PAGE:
1. Learning how to learn
Given the accelerating pace of change and disruption, we’re all going to need to be able to pick up new skills quickly and reliably.
Psychologist Herbert Gerjuoy put it like this:
Tomorrow’s illiterate will not be the people who can’t read; they will be the people who have not learned how to learn.
Reflecting on the expected rapid transformations in many sectors of society, pioneering futurist Alvin Toffler amplified Gerjuoy’s statement as follows:
Given further acceleration, we can conclude that knowledge will grow increasingly perishable. Today’s “fact” becomes tomorrow’s “misinformation.”
This is no argument against learning facts or data – far from it. But a society in which the individual constantly changes his job, his place of residence, his social ties and so forth, places an enormous premium on learning efficiency. Tomorrow’s schools must therefore teach not merely data, but ways to manipulate it. Students must learn how to discard old ideas, how and when to replace them. They must, in short, learn how to learn…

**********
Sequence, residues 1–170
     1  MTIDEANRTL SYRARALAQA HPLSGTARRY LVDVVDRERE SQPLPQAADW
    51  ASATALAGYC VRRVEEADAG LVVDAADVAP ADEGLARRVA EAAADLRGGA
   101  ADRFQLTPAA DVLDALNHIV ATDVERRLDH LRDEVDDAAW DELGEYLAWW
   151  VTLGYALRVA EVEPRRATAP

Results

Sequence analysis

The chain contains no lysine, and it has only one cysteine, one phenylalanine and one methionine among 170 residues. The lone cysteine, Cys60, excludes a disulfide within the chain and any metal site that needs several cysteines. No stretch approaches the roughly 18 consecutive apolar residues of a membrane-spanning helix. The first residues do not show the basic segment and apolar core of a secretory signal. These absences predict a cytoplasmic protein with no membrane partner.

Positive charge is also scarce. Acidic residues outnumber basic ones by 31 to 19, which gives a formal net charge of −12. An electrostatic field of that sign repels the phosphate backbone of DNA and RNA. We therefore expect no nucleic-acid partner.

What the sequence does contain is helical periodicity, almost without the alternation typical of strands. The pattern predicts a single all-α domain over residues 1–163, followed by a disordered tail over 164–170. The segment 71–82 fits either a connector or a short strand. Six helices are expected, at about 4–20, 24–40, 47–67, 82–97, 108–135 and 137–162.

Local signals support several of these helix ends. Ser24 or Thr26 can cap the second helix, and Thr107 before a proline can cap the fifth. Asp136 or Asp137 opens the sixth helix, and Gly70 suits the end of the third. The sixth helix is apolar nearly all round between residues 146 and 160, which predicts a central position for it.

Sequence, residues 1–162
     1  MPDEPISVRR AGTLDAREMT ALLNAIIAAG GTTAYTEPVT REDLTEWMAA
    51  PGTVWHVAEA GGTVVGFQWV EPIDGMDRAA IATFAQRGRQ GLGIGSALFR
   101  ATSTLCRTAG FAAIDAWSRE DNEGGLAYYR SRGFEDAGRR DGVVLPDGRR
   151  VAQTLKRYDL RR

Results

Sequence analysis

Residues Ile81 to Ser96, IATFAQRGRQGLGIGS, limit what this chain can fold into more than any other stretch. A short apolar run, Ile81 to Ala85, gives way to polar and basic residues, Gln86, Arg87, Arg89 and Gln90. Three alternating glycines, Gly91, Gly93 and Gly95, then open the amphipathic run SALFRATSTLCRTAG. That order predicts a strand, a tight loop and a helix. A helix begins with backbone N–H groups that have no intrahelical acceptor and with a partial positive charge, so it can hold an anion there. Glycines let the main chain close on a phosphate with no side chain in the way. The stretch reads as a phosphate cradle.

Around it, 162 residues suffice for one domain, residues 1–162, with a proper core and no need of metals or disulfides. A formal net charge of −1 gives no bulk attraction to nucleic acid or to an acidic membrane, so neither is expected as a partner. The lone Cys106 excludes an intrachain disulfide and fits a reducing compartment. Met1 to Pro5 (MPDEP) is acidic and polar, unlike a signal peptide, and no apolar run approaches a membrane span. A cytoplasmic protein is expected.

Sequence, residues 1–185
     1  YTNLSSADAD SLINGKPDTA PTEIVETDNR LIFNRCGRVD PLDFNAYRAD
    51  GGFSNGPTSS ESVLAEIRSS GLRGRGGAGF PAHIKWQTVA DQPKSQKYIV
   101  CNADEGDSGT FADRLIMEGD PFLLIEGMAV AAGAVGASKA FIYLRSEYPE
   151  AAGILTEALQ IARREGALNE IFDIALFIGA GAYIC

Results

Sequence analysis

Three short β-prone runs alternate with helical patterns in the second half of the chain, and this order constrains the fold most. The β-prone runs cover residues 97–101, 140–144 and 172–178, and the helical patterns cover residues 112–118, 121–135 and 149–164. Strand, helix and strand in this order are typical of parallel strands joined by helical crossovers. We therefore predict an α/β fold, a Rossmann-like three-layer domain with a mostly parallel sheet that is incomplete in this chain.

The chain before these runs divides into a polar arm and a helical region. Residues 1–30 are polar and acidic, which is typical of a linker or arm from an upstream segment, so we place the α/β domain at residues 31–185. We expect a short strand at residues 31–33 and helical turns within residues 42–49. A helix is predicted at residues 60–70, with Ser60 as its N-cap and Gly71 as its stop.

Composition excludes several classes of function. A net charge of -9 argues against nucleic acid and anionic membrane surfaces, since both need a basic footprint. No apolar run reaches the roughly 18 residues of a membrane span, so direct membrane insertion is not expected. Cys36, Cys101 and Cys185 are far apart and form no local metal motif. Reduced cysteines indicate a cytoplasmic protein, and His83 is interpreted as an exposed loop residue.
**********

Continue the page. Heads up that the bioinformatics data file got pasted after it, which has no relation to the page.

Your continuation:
By instructing students how to learn, unlearn and relearn, a powerful new dimension can be added to education.
Introductions to Learning how to learn
Other recommended resources:
A Coursera course which is free to all students: Learning How to Learn: Powerful mental tools to help you master tough subjects. The course instructors are Barbara Oakley and Terrence Sejnowski. It is estimated to take 15 hours to complete.
1.1 Setting aside previous learning that no longer pertains
1.2 Learning and self-knowledge
1.2.1 The risks of overestimation of self-expertise
The Dunning-Kruger effect: “people’s inability to recognize their lack of ability”